Travel and the Roman Empire

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Travel and the Roman Empire

APA - Seattle 2013

Appel à contributions
Date limite : 1er février 2012

 

 


Organizer: Josephine Shaya, The College of Wooster

This panel examines the Roman Empire on the move. It invites papers that explore the cultural history of travel within the Roman Empire and between Rome and the wider ancient world. The Roman Empire, like all empires, depended on the movement of people and information. Governors, generals, soldiers, merchants, performers, and many more traversed its roads and sea lanes. Travel was central to the idea of the Roman Empire. In Aristides' vision of Rome “every man could go where he wished without fear” (Or. XXXVI 100--2). Likewise, travel was essential to the Roman imagination. From the wanderings of Aeneas to Augustine's inner wandering, it is a great theme in Roman literature, one that is closely tied to social and political realities.

A wide body of literature has explored the physical and social workings of travel and its robust infrastructures (Casson 1974, Chevallier 1976, Lawrence 1999, Adams and Lawrence 2001, Matthews 2006). Others have investigated broader cultural resonances associated with travel. Works on Roman representations of space have focused on maps and geographic treatises as instruments of Roman imperialism (Nicolet 1991). Studies of geographic literature have shown how accounts of the edges of empire catered to an appetite for the marvelous (Romm 1992). Others have explored travel, ideas of otherness and the exotic in light of questions of identity and the representation of distant lands (Hartog 2001, Parker 2008).

The intersection of travel and religion has been the focus of important work, particularly in regards to pilgrimage, traveling cult founders, and holy men (Elsner and Coleman 1995; Frankfurter 1998; Elsner and Rutherford 2005; Harland 2011). Travel writing, especially that of Pausanias, has been studied with an eye to the relationship between travel and narrative and the role of memory in the construction of a sacred--historical landscape (Alcock, Cherry and Elsner 2001; Hutton 2005).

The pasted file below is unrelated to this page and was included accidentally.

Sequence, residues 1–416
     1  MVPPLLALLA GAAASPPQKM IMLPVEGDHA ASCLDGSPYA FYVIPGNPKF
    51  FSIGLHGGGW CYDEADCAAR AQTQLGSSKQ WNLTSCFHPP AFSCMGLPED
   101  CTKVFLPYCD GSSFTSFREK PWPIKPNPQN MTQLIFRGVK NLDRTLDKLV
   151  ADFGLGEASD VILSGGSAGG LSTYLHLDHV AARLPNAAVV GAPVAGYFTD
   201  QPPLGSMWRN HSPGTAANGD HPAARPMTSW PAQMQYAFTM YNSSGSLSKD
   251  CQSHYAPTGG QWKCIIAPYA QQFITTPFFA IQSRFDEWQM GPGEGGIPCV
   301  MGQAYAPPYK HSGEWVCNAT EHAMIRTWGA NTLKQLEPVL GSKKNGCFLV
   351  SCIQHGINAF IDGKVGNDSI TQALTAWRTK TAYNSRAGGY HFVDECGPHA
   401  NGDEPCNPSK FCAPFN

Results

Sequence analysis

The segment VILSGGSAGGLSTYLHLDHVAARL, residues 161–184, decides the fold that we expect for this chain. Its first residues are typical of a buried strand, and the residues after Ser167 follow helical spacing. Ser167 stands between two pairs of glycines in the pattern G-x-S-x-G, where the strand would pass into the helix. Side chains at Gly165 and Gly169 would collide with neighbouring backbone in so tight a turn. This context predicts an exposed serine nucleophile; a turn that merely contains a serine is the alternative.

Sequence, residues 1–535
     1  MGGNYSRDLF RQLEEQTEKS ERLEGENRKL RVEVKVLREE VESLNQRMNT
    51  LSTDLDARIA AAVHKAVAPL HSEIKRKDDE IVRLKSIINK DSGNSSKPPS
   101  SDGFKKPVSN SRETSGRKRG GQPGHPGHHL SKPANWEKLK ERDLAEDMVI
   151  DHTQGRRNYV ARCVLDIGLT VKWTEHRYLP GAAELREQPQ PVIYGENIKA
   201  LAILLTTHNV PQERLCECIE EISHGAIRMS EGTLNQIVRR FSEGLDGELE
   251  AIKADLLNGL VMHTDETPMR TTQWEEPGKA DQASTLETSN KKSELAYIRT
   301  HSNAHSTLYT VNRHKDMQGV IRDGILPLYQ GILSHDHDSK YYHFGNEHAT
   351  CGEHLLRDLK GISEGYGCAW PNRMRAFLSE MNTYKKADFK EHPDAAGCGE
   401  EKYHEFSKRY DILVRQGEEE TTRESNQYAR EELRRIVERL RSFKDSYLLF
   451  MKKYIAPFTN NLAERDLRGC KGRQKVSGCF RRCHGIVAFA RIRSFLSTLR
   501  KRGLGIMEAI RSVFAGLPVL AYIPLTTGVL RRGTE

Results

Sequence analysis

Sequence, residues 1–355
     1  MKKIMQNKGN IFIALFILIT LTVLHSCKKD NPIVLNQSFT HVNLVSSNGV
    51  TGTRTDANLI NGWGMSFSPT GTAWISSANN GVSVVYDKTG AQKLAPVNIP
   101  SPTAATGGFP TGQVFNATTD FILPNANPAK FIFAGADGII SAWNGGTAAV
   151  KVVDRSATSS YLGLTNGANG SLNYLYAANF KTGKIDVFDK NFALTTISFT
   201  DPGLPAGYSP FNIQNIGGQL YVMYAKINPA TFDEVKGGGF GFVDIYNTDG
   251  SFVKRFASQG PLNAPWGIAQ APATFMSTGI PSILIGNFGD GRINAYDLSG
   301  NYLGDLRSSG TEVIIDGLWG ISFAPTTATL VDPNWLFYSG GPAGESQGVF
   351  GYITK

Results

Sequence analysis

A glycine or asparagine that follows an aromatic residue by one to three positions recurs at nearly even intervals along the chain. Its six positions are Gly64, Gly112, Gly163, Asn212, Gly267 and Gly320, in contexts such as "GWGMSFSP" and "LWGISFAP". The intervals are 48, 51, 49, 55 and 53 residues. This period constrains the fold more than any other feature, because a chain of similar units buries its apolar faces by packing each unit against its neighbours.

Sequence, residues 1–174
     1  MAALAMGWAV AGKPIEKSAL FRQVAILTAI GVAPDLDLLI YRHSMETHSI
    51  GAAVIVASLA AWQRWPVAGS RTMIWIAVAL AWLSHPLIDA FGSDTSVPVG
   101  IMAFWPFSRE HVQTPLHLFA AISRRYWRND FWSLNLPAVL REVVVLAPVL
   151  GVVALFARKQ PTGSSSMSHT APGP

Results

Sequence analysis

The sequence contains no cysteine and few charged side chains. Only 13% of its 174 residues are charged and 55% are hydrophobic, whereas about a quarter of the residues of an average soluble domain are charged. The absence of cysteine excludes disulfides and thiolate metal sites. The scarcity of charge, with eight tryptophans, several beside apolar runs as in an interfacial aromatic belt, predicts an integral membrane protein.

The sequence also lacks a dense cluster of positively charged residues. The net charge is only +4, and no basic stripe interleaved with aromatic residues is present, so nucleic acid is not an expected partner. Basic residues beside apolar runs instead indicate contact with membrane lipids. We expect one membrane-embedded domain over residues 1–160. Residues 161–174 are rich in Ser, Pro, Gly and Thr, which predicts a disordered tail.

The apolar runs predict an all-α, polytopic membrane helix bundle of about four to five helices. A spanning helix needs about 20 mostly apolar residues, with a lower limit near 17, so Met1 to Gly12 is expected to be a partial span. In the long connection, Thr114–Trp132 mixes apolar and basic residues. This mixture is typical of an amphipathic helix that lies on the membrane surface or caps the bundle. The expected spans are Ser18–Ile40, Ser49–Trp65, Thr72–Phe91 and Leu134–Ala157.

This panel invites applications for papers that explore the cultural history of travel in the Roman Empire. We interpret travel broadly, to encompass voyages, trade, occupational travel, conquest, exploration, immigration, diaspora, exile, pilgrimage, as well as spiritual wandering, and travel to the other world. To focus the panel, we look for papers that foreground texts and/or images. What images and ideas of travel, travellers, and means of travel circulated in the Roman world? What visions of travel did they present and what kinds of responses did they inspire? How did the realities of travel influence such representations? What role did such representations play in the making of the empire? We welcome papers from every discipline and encourage those who use an interdisciplinary approach or draw on cross--‐cultural methods and theory.

Please send an anonymous abstract as a PDF attachment to Cette adresse email est protégée contre les robots des spammeurs, vous devez activer Javascript pour la voir. and be sure to provide in your email complete contact information and any AV requests. Abstracts must be received by February 1, 2012.

 

 

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